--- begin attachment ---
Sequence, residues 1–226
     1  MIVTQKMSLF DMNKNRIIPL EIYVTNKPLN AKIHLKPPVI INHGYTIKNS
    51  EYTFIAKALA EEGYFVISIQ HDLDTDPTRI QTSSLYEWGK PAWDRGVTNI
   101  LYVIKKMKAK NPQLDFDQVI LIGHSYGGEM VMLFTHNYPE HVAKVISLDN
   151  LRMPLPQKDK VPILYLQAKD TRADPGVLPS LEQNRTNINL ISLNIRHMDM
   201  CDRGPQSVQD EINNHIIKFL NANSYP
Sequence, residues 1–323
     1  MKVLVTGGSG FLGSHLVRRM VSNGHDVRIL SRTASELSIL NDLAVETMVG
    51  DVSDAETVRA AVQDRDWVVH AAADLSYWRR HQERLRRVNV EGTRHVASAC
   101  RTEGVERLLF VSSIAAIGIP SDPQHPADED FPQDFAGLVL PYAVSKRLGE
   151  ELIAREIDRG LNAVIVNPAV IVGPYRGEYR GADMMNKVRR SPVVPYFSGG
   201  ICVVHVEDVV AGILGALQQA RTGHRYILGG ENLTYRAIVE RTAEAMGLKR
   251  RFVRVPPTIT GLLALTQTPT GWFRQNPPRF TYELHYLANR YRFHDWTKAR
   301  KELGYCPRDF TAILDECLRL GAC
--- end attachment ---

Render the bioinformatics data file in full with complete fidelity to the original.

Sequence, residues 1–226
     1  MIVTQKMSLF DMNKNRIIPL EIYVTNKPLN AKIHLKPPVI INHGYTIKNS
    51  EYTFIAKALA EEGYFVISIQ HDLDTDPTRI QTSSLYEWGK PAWDRGVTNI
   101  LYVIKKMKAK NPQLDFDQVI LIGHSYGGEM VMLFTHNYPE HVAKVISLDN
   151  LRMPLPQKDK VPILYLQAKD TRADPGVLPS LEQNRTNINL ISLNIRHMDM
   201  CDRGPQSVQD EINNHIIKFL NANSYP
Sequence, residues 1–323
     1  MKVLVTGGSG FLGSHLVRRM VSNGHDVRIL SRTASELSIL NDLAVETMVG
    51  DVSDAETVRA AVQDRDWVVH AAADLSYWRR HQERLRRVNV EGTRHVASAC
   101  RTEGVERLLF VSSIAAIGIP SDPQHPADED FPQDFAGLVL PYAVSKRLGE
   151  ELIAREIDRG LNAVIVNPAV IVGPYRGEYR GADMMNKVRR SPVVPYFSGG
   201  ICVVHVEDVV AGILGALQQA RTGHRYILGG ENLTYRAIVE RTAEAMGLKR
   251  RFVRVPPTIT GLLALTQTPT GWFRQNPPRF TYELHYLANR YRFHDWTKAR
   301  KELGYCPRDF TAILDECLRL GAC